Monday, March 1st 2010, 5:02 pm
By Alex Cameron, Oklahoma Impact Team
OKLAHOMA CITY -- Parents may not like what they see at their kids' schools in the next year or two -- larger classes and more tattered textbooks. It's a very real possibility, and it's not by accident.
It's no secret that Oklahoma school districts will face severe challenges in the coming months as administrators try to figure out how to stretch what is certain to be a diminished state formula allocation for FY 2011. Programs and teaching positions -- full and part-time -- could be on the chopping block, even with the expected help of federal stimulus dollars and money from the state's Rainy Day Fund.
That's why state lawmakers are considering two additional measures, to give school districts some options as they advance into uncertain territory.
The first measure, included in the language of Senate Bill 1858, would give school districts the option of allowing class sizes to exceed state-mandated limits. On its face, the proposal is very unpopular with parents:
"That's the worst way to decrease the budget that I could think of," said one mother, moments after learning of the plan.
"Kids need individual attention," said another, explaining why she opposes larger classes.
Current Oklahoma law provides that school districts will face financial penalties, if K-5 classrooms exceed 20 students, or if middle or high school teachers are responsible for more than 140 students.
Districts whose bonded indebtedness is 85 percent or more of their capacity are exempted from the requirement (212 districts qualified for that exemption in 2009), but SB 1858 would exempt all districts for the next two fiscal years.
The president of the Oklahoma Education Association, Becky Felts, believes the legislation is misguided.
"It's a desperate time, and desperate measures are being taken," said Felts.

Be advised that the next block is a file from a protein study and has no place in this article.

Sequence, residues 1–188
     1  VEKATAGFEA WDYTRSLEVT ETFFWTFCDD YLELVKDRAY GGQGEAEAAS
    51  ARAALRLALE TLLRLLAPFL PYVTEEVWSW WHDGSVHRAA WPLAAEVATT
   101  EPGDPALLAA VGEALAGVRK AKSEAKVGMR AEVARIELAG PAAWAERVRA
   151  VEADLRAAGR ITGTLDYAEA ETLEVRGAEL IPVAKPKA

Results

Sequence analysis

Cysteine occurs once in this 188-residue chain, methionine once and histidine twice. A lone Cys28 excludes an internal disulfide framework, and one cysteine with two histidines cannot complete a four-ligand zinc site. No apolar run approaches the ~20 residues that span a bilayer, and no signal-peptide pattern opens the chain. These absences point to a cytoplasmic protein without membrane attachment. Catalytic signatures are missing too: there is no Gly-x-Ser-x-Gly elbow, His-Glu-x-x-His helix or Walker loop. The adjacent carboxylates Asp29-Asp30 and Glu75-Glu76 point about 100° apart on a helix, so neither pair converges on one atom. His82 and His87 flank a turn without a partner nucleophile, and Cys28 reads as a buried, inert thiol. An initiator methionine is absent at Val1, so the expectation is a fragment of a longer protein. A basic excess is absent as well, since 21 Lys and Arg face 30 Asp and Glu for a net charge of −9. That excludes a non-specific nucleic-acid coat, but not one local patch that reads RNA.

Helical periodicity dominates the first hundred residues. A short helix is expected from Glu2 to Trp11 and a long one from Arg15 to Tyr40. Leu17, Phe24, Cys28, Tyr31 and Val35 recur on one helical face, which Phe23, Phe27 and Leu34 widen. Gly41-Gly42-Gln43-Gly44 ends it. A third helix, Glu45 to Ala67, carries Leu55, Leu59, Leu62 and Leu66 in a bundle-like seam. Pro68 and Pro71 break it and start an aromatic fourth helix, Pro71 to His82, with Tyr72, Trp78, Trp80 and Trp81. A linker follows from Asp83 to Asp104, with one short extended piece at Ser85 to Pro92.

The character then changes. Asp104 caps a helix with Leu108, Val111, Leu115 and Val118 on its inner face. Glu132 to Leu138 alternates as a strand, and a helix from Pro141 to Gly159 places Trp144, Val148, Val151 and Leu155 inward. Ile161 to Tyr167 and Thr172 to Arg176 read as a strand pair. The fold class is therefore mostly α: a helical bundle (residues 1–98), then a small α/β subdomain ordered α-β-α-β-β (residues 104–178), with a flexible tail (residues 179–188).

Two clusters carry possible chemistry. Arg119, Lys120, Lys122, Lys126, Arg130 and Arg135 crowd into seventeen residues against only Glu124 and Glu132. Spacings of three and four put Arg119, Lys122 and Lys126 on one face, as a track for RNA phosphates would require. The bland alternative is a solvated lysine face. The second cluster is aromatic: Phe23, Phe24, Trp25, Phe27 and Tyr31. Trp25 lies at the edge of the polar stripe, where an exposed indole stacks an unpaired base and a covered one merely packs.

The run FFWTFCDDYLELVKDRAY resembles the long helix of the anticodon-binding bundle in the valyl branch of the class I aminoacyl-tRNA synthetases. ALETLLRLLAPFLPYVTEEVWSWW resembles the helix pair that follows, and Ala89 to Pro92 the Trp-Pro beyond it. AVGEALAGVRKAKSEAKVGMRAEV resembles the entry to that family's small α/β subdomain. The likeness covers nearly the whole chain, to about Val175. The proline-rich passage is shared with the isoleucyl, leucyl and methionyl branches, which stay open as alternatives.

Felts, a former elementary school teacher, said the measure will encourage schools to try to get by with fewer teachers.
"And when you pile the kids deep and try to teach 'em cheap, you have some long-term repercussions from that that are negative to student learning."
In Greg Manning's ninth grade biology class, about 25 students are learning all about DNA, RNA, and genetic code. Manning said he could still cover the material with larger classes, but admits it wouldn't be ideal.
"It would certainly make it a little tougher," said Manning, "you're gonna have less one-on-one time with each individual student."
The sponsor of the bill, Susan Paddack (D-Ada), understands this concern, but she said it's more important right now that districts have some flexibility with regard to staffing -- by far their biggest expense -- even if it results in some classrooms growing.
"Do we wanna do that? Do we want to exceed class size? Absolutely not," Paddack declared. "But, do we want to keep teachers there so [students] have someone in front of them, teaching and doing the things that they need to do as an instructor? Absolutely."
Pauls Valley Schools Superintendent Bobby Russell said having the ability to redirect textbook money would be big.
"In my district we receive about $68,000," Russell told us. "If I could use that for some other instructional monies, I could free up some general revenue monies and maybe not have to reduce a teacher."
Statewide, about $33 million is allocated for textbooks annually, enough to pay the salaries of about 750 teachers.
"Obviously, from a teacher's standpoint, if it comes down to [either]...cutting teachers or going a year or two without getting new books, you'd want to have those teachers there--it goes back to the class size," said Manning, the biology teacher.
Naturally, the textbook industry doesn't feel quite the same way.
As sympathetic as one industry spokesman said they are to school districts and the difficult choices they may have to make regarding staffing, they say lawmakers and school administrators need to understand that what they're considering with regard to textbooks could be just as detrimental.
"We are possibly taking away the funding source that would give...teachers the number one tool--the most important tool in their tool box to educate a child, and that is a current textbook," said Jerrod Shouse, spokesman for the Association of American Publishers.
Supporters of the legislation say schools won't be forced to re-purpose their textbook money, just as they won't be forced to increase class sizes. They say it would just give them options, at a time when none are ideal.
"That is the reason, I think, that everybody's saying let's not do this for a long-term situation, because I don't think it's best for education," said Pauls Valley Superintendent Bobby Russell.
At last check, SB 1858 had cleared the Senate Appropriations Committee and was headed to the floor for consideration by the full Senate.
Senate Bill 1784, which lets schools use textbook money for other expenses, is going to the House and HB 3029, which suspends several state mandates including class size requirements, is headed to the Senate for voting.
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